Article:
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JACKIE MACMULLAN

More ugliness gives teams, game black eye

Why must it always come down to this? Why must every Red Sox-Yankees showdown turn into an angry, unseemly, and ultimately undignified clash?

It happened again yesterday afternoon. When it mattered the most, the Red Sox lost their composure, the game, and, perhaps, the series.

It all came undone at the top of the fourth inning, when Boston's ace, Pedro Martinez, frustrated after giving up a walk to Jorge Posada, and back-to-back hits to Nick Johnson and Hideki Matsui (who was 0 for 12 lifetime against Pedro), sailed a high fastball behind the head of New York right fielder Karim Garcia, hitting him in the shoulder. That one action set off a stream of ugly incidents that added up to another sad and bizarre chapter in this bitter and emotionally charged rivarly.

Head-hunting, benches clearing, coaches fighting, players jawing, Yankee relievers skirmishing with Red Sox employees in the bullpen. All that was missing were the elephants and the clowns.

Martinez said he wasn't trying to throw at Garcia. Those words rang hollow in the Yankees' clubhouse.

"The guy can throw pitches wherever he wants, and all of a sudden he's throwing behind my head?" said Garcia. "If you need to hit a guy, then go for the shoulder, or the back. Don't go for the head. That's messing with someone's career. I don't appreciate that."

Baseball's unwritten code of retaliation immediately went into play. As Martinez coaxed Alfonso Soriano into a double play (which brought yet another New York run across), Garcia went hard into second baseman Todd Walker, prompting more words, more threats.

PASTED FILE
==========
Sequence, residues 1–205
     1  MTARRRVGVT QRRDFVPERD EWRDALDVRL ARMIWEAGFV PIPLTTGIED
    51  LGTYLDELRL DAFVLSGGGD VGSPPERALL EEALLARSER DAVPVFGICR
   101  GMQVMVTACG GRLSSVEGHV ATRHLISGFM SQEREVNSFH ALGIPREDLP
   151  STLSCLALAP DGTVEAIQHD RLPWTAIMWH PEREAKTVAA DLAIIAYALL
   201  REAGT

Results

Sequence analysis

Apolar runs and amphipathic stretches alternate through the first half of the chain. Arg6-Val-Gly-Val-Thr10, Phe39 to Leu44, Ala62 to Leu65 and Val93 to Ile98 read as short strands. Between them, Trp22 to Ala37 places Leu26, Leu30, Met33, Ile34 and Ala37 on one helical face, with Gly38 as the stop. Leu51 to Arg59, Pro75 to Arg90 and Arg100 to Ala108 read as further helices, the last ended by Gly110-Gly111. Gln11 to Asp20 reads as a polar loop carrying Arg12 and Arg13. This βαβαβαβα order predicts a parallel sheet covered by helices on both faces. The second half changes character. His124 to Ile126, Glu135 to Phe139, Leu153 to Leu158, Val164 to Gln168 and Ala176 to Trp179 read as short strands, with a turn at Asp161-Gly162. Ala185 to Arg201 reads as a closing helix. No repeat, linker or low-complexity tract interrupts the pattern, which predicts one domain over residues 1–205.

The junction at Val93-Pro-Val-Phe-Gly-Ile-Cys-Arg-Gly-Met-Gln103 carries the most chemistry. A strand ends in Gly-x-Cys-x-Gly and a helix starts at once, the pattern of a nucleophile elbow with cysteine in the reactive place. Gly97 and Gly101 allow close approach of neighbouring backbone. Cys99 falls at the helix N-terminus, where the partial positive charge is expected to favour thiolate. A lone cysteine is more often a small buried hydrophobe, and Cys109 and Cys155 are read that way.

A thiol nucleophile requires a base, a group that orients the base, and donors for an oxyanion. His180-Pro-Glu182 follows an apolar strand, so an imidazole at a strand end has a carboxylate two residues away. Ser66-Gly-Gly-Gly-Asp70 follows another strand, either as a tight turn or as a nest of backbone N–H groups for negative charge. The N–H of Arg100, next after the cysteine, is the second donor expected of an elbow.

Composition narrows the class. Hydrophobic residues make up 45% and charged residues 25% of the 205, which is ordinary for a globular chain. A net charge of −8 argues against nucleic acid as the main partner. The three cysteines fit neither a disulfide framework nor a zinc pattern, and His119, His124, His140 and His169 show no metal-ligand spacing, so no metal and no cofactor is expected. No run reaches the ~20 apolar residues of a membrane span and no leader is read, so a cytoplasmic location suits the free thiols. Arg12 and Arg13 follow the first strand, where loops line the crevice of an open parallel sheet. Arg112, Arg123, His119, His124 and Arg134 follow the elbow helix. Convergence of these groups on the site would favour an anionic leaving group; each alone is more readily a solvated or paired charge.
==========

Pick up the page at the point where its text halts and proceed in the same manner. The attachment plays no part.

"Walker was upset," Garcia said. "He didn't like what I did. But once someone hits me, I've got to hit somebody back."

The madness, predictably, spilled over to the next inning. Roger Clemens tacked two strikes on Manny Ramirez before firing a high fastball. It was hardly a menacing pitch; in fact, it was almost a strike, but Ramirez, reacting to the tension in the ballpark, started toward Clemens, as the Yankees pitcher glared back at him.

Asked if he was throwing at Ramirez, Clemens shot back, "You guys are doing a disservice by even asking that question. I was trying to strike him out. I was OK with it until he came out and started mouthing me. I don't know if he was trying to get me thrown out, or not."

Both benches immediately cleared, and as Martinez stood off to the side of home plate, nearest to his own dugout, watching players from both teams flood the field, he turned and witnessed a stunning and truly ludicrous sight: Don Zimmer, the 72-year-old former Red Sox skipper, charging toward him.

Martinez grabbed Zimmer by the neck and threw him to the ground. Zimmer landed headfirst in the dirt, and Martinez immediately backed away, choosing not to continue the confrontation. When the Yankees discovered what had transpired, they ran at Martinez.

"All I saw was the bald head go down," said shortstop Derek Jeter. "I wasn't sure if it was Zimm or Boomer [David Wells]. Hey, Zimm is intense. That's the only way you can stay in this game all these years."